Rival Palestinian factions to meet in Gaza week before peace talk deadline
The PLO delegation met with president Mahmoud Abbas in Ramallah ahead of their departure for Gaza City (Thaer Ghanaim/PPO/AFP)
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Rival Palestinian factions Hamas and Fatah met Tuesday in an effort to "reconcile their rival leaderships" as peace talks with Israel continue to deteriorate, according to Agence France Presse.
The West Bank-based Palestine Liberation Organisation (PLO), which is headed by Fatah party leader and president Mahmoud Abbas, sent a delegation to Gaza City to meet with rival counterpart, Hamas.
The meeting between the two rival factions is part of an ongoing effort to "revive long-stagnant unity efforts," and arrives a mere week before the April 29 deadline for U.S. brokered Israel-Palestinian peace talks.
The PLO delegation, headed by one of the main Fatah party leaders, Azam Al Ahmed, met with the prime minister of the Hamas government in Gaza, Ismail Haniya. Another major Hamas leader, Mussa Abu Marzuq, was also allegedly present.
According to one member of the delegation, the two sides were set to discuss "forming a national consensus government and holding elections" along with other issues.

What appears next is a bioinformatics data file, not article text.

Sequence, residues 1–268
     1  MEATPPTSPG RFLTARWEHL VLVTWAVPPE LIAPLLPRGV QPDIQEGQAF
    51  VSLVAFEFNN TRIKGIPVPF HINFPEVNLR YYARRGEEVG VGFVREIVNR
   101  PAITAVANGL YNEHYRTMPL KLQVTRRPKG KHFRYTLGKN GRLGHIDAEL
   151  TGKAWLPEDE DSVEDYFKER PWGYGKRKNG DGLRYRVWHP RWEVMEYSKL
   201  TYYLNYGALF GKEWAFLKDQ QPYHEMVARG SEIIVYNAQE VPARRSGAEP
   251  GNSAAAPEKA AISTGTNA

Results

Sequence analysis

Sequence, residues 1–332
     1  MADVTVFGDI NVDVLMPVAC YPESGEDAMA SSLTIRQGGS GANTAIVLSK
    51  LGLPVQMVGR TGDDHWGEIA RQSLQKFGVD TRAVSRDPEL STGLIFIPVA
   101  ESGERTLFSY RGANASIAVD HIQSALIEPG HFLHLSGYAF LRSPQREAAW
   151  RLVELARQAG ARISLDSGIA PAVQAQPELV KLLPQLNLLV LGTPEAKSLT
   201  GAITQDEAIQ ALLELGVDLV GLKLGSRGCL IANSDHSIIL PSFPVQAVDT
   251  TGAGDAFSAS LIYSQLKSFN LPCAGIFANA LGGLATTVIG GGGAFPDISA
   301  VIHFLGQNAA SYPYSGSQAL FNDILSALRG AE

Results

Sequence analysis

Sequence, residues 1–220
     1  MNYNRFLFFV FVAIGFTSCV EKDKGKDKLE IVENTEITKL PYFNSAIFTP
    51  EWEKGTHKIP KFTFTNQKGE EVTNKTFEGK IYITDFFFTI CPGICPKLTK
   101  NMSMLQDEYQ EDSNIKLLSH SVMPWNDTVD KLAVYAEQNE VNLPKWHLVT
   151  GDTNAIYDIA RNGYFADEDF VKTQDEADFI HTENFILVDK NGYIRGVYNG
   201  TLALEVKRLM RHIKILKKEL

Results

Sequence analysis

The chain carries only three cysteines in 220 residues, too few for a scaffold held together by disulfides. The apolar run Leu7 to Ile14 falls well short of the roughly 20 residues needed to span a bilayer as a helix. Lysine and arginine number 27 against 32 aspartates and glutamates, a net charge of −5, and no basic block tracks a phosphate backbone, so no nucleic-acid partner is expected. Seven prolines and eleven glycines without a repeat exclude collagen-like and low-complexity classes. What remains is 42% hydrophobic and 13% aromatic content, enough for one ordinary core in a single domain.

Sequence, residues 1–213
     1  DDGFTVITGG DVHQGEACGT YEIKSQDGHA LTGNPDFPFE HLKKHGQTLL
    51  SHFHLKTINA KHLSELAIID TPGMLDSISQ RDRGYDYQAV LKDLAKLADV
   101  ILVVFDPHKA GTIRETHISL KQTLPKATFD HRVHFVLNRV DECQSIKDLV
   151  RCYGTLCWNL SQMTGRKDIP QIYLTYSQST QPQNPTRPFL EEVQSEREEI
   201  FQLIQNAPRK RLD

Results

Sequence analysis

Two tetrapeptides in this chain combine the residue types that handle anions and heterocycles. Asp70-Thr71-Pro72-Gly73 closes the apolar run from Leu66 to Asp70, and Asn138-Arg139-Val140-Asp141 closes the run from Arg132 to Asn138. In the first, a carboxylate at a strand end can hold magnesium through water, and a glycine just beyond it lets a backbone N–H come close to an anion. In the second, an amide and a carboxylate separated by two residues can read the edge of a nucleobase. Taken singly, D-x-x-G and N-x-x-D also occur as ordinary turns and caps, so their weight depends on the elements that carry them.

Ahead of the meeting, the PLO delegation also "played down" rumors that the West Bank-based Palestinian authority would be dismantled if the peace talks with Israel remained in deadlock.
"No Palestinian is speaking of an initiative to dismantle the Palestinian Authority. But Israel's actions have annulled all the legal, political, security, economic and operational aspects of the prerogatives of the Palestinian Authority," chief negotiator Saeb Erakat said on Tuesday.
Erakat's comments follow a senior Palestinian official's statement Sunday that hinted that Palestinian negotiators may hand responsibility for governing the occupied territories back to Israel if Tel Aviv fails to hand over the last group of Palestinian prisoners and continues settlement construction.
Israeli Prime Minister Benjamin Netanyahu has accused the Palestinians of "endangering the peace process" with such commentary.
"The Palestinian Authority, which yesterday was talking about its dismantlement, is today talking about unity with Hamas [which fiercely opposes any peace talks with Israel]. They need to decide... Do they want to dismantle themselves or to unite with Hamas? When they want peace (with Israel), they should let us know," Netanyahu said.
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